CMT UK, the charity that offers support to people with the rare, inherited neurological condition Charcot-Marie-Tooth (CMT), will hold its 26th annual conference at Hilton Swindon Hotel on Saturday 5 April.
Some 170 members with the condition will gather to hear about the charity’s ambitious plans to increase its income to £2m over the next five years, meet its first ever fundraising manager who was recently appointed and hear the latest findings from researchers at the UCL Institute of Neurology.
Although this is the first time the conference has been held at the Hilton Hotel, it is the second time it has been in Swindon, as the town is seen as a central and easy to reach for the majority of members.
The conference will comprise guest speakers, open forums and workshops offering advice on how to live well with CMT and boost happiness and wellbeing.
CMT UK member, Eileen Sealey from Morden said: “The conference gives people with CMT a great chance to learn more about the condition from expert speakers, as well offer support to one another.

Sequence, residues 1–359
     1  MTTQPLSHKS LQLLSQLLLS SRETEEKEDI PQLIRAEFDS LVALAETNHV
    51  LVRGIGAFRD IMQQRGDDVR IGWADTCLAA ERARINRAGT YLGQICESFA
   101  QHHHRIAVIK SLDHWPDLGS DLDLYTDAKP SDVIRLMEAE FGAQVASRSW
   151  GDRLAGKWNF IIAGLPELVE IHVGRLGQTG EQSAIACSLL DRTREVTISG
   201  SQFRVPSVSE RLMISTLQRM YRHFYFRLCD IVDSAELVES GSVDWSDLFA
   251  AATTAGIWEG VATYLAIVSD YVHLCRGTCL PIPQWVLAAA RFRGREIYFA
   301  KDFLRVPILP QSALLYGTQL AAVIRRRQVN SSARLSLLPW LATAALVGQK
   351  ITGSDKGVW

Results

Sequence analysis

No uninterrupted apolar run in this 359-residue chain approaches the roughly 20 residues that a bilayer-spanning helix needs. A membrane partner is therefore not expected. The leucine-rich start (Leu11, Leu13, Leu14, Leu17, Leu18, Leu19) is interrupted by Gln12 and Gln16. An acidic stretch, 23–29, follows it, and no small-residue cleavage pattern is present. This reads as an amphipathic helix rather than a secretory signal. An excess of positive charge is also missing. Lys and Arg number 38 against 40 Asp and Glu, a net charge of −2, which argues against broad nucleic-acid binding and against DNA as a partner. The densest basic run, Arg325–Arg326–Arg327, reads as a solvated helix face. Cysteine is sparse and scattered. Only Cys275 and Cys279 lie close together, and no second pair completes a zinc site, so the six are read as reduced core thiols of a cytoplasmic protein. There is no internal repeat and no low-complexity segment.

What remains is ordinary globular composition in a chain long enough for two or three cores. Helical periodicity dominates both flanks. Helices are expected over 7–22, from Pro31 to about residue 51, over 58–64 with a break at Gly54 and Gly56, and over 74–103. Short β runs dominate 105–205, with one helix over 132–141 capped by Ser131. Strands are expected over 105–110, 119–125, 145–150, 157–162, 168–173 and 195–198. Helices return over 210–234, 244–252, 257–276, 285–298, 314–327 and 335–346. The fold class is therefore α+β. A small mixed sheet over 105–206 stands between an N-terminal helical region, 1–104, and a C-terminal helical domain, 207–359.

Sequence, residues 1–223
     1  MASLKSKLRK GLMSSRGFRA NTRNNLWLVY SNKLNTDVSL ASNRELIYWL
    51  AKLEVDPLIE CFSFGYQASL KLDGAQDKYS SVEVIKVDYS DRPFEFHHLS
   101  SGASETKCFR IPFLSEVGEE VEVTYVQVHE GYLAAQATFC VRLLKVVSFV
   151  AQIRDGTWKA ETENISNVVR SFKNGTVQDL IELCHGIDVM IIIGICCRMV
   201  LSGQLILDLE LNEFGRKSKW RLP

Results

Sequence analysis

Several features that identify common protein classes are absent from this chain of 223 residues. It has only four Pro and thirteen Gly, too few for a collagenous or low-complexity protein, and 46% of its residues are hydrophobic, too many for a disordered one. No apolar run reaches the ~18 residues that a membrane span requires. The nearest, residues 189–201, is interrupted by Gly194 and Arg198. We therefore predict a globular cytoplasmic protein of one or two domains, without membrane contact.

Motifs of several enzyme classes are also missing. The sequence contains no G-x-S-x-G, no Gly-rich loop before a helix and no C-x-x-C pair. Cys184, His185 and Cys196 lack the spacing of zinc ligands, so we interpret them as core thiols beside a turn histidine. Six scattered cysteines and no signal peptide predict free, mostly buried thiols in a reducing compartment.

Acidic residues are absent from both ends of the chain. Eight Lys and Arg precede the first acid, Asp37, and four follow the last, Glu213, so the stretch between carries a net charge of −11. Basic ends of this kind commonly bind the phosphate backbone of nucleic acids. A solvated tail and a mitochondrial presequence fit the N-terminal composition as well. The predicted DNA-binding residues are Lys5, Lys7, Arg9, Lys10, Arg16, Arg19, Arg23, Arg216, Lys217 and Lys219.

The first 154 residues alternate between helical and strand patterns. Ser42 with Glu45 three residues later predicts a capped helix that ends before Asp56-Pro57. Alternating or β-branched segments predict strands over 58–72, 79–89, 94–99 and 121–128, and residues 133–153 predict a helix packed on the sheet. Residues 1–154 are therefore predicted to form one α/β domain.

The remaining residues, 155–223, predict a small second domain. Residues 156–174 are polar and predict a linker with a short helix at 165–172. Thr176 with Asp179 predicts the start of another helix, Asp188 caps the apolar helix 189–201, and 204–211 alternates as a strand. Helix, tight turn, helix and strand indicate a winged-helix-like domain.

“This is a rare condition and quite often people won’t know anybody else with it in their village, town or city so it’s a fantastic opportunity for us all to get together to talk to others who really understand.”
CMT UK’s chief operating officer, Karen Butcher (pictured), said: “This is a big year for CMT UK, as we’ve just taken on our first ever fundraising manager, Nichola Hibbert, who will be at the conference to talk to our members about how they can get involved.
“We need extra funds for research into the condition and to provide support for those who have it. In addition, the changes in public health and social care service and the welfare benefits system are affecting members hugely and we need funds to support them.”
As part of its commitment to growth, CMT UK has also pledged £30,000 over the next three years for vital research into the progression of the condition at London’s UCL Institute of Neurology.
CMT UK currently provides services to more than 2,000 people affected by the disease, named after the scientists who discovered it. Currently incurable and steadily progressive, CMT is thought to affect some 23,000 people in the UK, causing muscle weakness in the lower legs and hands.
To find out more contact Karen Butcher on 01202 432048 or email firstname.lastname@example.org